How man ultimately knows he is accepted by God
We ask the question to ourselves or to others in different forms. Are you saved? Will you go to heaven when you die? Have you been forgiven of your sins? Have you made peace with God? Those questions are trying to probe the most important issue of life. Is man accepted by God?
Of course, God has made a way for sinful man to be accepted, but not because we have earned it. Our sin is a vulgar assault against the holiness of our Creator and contrary to His nature. Our will motivates our actions to live in opposition to His best. And yet, the death, burial, and resurrection of Jesus Christ paid the sin debt for all who willingly submit to His atonement and Lordship. None of us should be reconciled to Him, but grace performs, not out of expected obligation, but rather out of unanticipated mercy.
However, the questions above are not aimed at understanding the problem corporately, but personally. It's one thing to know that God has paid the sin price for the whole world. It's quite another to have the assurance that my sins are forgiven and I am personally accepted by God ... especially in light of my ongoing sin dilemma. I still commit sins.
Most people reply with a "Yes," a "No," or an "I don't know" response. But what's behind that answer? Have you ever thought that the justification for a positive (or negative) response to those questions is just as important as the answer itself? What justifies your answer to those questions? Some reflect back on a time when they asked God for salvation, often called by some a "sinner's prayer." Others might point to a feeling of relief as sin's curse was lifted. Still more might point to their obedience to do what God has instructed from His Word.
A better response would be one that doesn't look back in time, but that looks at the present. Surely a gospel so radical in its claim to transform an individual from death to life should have ongoing effects. That was John's purpose for writing his first letter. Some forty times John writes that believers would intellectually and experientially understand the knowledge and assurance of genuine fellowship with God. "...That ye may know that ye have eternal life, and that ye may believe on the name of the son of God" (1 John 5:13).
Still deeper, I believe there is a greater primal confidence that undermines even John's tests of true faith. The presence of the Holy Spirit, God Himself, constantly abiding in an individual is the ultimate test of reconciliation. Wasn't that John's aim? "That which we have seen and heard declare we unto you, that ye also may have fellowship with us: and truly our fellowship is with the Father, and with his Son Jesus Christ" (1 John 1:3, emphasis mine).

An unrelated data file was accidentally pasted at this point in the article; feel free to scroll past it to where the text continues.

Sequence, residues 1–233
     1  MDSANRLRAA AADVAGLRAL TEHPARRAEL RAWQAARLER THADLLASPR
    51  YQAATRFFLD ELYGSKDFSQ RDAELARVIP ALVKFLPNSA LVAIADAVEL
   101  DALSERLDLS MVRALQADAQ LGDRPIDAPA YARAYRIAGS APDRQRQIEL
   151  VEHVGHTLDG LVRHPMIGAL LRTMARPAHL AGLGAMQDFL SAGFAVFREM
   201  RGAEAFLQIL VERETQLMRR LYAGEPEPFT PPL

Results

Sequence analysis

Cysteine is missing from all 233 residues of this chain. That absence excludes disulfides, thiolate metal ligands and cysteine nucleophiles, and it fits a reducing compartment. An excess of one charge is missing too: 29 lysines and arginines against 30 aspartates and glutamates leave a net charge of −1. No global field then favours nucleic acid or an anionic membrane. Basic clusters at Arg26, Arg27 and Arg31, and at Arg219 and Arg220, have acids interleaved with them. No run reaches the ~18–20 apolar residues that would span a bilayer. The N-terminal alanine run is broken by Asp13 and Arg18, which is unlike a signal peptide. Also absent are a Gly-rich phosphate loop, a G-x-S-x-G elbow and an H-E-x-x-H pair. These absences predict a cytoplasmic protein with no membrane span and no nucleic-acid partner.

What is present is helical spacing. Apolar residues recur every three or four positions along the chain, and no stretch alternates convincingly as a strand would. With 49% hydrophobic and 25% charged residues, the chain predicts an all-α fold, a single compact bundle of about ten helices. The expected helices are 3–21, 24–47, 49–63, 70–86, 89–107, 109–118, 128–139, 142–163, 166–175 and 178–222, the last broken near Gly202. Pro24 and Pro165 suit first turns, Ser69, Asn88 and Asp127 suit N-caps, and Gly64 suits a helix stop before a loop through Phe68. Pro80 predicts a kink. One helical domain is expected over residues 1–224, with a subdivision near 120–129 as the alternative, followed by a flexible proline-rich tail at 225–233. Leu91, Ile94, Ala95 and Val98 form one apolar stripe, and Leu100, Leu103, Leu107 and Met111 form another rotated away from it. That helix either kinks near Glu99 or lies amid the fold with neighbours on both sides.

This concept of "God in us" was the paramount test of the first century church. It was the qualification for water baptism (Acts 10:47). The indwelling Holy Spirit was the promise of the Father (Acts 2:33). It was the invitational alter call after the first post-resurrection sermon (Acts 2:28). It was the divine purpose behind Saul's conversion blindness (9:17).
Probably the most notable proof that the abiding of the Holy Spirit is essential within converted individuals is seen in the Gentile controversy at the Jerusalem council of Acts 15. Some of the apostles had claimed that God had forgiven the sins of Gentiles ... and all the while without them submitting to the strict guidelines of Judaism or the men embracing the covenant sign of circumcision. Heretofore one had to become a Jew to be God's child. Now, as never before, non-Jews were being considered God's children! Is this blasphemy or blessing? To what proof did the apostles turn to judiciously convince themselves as to the authenticity of these Gentile submissions to Jesus Christ. Was it their prayer? Their heritage? Their synagogue attendance?
It was the evidence of the Holy Spirit granting Himself access to take up residence with them. "And God, which knoweth the hearts, bare them witness, giving them the Holy Ghost, even as he did unto us" (Acts 15:8)
And here lies the need of our current sermon series, Genuine Salvation. What exactly does it mean, or what experience do we understand, for the Holy Spirit to be living in us. There are more concrete answers than the subjective answer we throw out when backed into a theological corner. We can know He is in us (or not) categorically. Without Him, we are still lost in our sins, but with His presence comes confidence and assurance that we are among the accepted ones.
Join us as we walk through the theological confidence of the first century church each Sunday morning to understand what it means for God's Spirit to live in us and ultimately for us to be saved. Only then can you answer our introductory questions confidently.